County requests authority to run welfare program Move comes in response to congressional plans

November 08, 1995|By Ivan Penn | Ivan Penn,SUN STAFF

Officials from the Howard County Department of Social Services yesterday asked state lawmakers for authority to tailor the county's welfare program to local needs -- and control over the money they need to do it.

The proposal -- portrayed as a model for other counties -- is a response to the expected congressional changes to the nation's welfare programs. State officials are encouraging local jurisdictions to develop innovative ways to deal with those changes.

"If the federal government doesn't give us strings attached, then we hope the state doesn't give us strings attached," Robert McCaw, chairman of the Howard department's board of directors, told the Senate welfare reform subcommittee. "We want welfare reform to start in Howard County."

Howard's proposal calls for the state to give the county a block grant that would replace the state's annual allocation to the local Department of the Social Services. The county also would receive the autonomy to determine how the funds would be distributed among its programs.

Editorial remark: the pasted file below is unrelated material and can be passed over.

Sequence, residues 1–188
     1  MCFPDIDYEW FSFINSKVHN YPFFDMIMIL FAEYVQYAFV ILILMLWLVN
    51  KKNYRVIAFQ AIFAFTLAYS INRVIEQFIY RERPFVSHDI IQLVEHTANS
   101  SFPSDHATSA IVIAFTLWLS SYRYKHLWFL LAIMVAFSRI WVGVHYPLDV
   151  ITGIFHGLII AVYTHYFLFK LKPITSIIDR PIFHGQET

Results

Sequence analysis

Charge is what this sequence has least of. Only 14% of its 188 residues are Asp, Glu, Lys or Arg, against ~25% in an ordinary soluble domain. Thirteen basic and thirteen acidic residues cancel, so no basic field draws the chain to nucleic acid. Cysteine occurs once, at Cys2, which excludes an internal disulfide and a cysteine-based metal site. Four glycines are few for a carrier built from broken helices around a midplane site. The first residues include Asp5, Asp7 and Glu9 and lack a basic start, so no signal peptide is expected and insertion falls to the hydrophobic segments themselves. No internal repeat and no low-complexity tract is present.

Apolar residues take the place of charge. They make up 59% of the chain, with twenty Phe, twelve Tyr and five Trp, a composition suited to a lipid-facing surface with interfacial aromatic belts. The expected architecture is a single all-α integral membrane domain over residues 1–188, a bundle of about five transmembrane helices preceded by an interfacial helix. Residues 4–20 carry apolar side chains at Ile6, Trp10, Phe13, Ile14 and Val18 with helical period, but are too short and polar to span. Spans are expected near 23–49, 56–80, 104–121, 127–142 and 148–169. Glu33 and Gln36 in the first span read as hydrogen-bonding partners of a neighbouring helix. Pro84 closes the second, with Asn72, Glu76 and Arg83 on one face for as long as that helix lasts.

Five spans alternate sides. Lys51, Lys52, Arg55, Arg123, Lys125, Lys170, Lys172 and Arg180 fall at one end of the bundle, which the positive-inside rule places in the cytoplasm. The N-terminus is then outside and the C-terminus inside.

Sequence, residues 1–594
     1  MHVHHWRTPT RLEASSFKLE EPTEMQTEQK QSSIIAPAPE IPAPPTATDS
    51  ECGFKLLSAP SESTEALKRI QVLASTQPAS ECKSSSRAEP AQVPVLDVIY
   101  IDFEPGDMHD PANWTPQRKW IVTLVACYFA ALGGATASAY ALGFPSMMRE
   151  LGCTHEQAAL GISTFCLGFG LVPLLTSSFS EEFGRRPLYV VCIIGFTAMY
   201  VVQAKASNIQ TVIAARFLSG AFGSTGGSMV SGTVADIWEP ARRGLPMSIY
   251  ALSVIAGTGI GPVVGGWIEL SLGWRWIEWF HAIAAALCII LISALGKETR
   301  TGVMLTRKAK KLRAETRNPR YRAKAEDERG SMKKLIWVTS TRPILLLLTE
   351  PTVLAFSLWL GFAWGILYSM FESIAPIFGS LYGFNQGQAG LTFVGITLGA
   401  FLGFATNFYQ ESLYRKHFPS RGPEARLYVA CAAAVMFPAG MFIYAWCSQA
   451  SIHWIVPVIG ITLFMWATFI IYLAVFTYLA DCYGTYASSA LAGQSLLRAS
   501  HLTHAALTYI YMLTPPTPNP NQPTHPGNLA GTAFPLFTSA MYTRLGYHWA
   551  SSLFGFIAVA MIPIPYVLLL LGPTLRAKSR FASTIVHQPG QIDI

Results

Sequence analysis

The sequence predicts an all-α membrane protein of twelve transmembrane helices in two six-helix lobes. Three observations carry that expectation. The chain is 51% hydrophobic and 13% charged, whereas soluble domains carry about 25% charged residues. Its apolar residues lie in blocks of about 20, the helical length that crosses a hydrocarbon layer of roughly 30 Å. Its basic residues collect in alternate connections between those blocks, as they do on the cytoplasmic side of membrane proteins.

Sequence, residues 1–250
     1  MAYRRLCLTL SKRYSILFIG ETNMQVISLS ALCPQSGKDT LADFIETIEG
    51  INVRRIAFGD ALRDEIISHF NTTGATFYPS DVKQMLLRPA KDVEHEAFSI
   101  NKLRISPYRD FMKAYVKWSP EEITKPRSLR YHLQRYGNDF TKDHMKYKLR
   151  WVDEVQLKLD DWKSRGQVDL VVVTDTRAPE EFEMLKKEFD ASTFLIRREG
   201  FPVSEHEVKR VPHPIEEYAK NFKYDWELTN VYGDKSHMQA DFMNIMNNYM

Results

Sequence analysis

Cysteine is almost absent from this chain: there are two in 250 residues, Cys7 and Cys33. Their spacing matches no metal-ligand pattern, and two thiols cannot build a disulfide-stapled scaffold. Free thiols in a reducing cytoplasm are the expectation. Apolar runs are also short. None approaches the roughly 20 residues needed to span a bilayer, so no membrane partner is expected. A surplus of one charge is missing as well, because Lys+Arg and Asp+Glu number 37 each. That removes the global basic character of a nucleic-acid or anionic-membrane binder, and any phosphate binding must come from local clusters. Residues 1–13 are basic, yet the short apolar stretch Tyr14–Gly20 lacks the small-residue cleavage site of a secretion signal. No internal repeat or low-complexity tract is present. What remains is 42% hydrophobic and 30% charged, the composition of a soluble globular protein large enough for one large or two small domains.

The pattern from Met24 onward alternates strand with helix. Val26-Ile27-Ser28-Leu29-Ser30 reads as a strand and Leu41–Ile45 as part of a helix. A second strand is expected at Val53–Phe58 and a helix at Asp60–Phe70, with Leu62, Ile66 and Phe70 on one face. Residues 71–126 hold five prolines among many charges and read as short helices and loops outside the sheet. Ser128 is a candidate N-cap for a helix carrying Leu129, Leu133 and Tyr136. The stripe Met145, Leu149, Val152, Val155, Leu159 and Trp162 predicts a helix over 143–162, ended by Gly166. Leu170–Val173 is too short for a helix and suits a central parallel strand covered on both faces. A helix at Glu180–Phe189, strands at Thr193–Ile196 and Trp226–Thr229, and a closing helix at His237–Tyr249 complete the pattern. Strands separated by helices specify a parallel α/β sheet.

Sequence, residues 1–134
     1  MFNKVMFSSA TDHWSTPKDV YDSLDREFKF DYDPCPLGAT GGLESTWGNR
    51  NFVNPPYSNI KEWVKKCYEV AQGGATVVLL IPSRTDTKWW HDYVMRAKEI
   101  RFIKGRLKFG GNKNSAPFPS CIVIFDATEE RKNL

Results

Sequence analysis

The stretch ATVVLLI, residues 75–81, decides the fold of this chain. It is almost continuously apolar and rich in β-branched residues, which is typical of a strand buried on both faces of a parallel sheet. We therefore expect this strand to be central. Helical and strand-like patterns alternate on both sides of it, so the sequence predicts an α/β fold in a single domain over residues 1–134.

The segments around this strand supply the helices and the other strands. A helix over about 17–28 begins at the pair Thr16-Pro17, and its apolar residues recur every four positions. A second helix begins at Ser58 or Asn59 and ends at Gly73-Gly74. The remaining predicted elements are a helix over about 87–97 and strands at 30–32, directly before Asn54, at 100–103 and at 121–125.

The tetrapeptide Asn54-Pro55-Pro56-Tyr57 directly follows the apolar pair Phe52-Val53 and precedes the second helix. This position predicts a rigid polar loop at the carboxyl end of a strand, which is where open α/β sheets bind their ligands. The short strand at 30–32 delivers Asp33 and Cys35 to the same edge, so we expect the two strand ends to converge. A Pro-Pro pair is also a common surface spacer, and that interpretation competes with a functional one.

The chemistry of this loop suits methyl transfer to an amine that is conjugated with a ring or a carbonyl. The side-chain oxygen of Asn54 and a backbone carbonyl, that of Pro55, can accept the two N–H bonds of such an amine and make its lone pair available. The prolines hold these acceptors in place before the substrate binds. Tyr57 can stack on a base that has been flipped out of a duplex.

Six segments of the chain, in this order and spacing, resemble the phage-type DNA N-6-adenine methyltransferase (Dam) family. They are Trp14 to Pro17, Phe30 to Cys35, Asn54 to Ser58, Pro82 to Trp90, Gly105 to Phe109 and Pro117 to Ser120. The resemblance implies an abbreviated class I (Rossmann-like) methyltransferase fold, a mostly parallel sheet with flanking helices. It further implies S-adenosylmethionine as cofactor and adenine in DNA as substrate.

Currently, the local department -- an arm of the state agency -- administers welfare benefits under a framework and guidelines set by the state. The department's client base includes about 3,000 recipients of Aid to Families with Dependent Children and about 4,500 food stamp recipients.

The proposal that Howard be given greater control over its program is in tune with the greater administrative flexibility the federal government is expected to offer each state in the welfare reform package now in Congress.

Welfare officials in Howard are hoping to see action on their proposal as early as the next legislative session, Mr. McCaw said.

If the plan is approved, Mr. McCaw said, the department might begin a "work-first" program that is being piloted in Anne Arundel County. Work-first programs encourage would-be welfare recipients to apply for jobs instead of benefits.

Howard county also might offer performance bonuses for social service workers who get their clients to take jobs rather than a welfare check. Mr. McCaw said other social service programs could be developed based on local needs.

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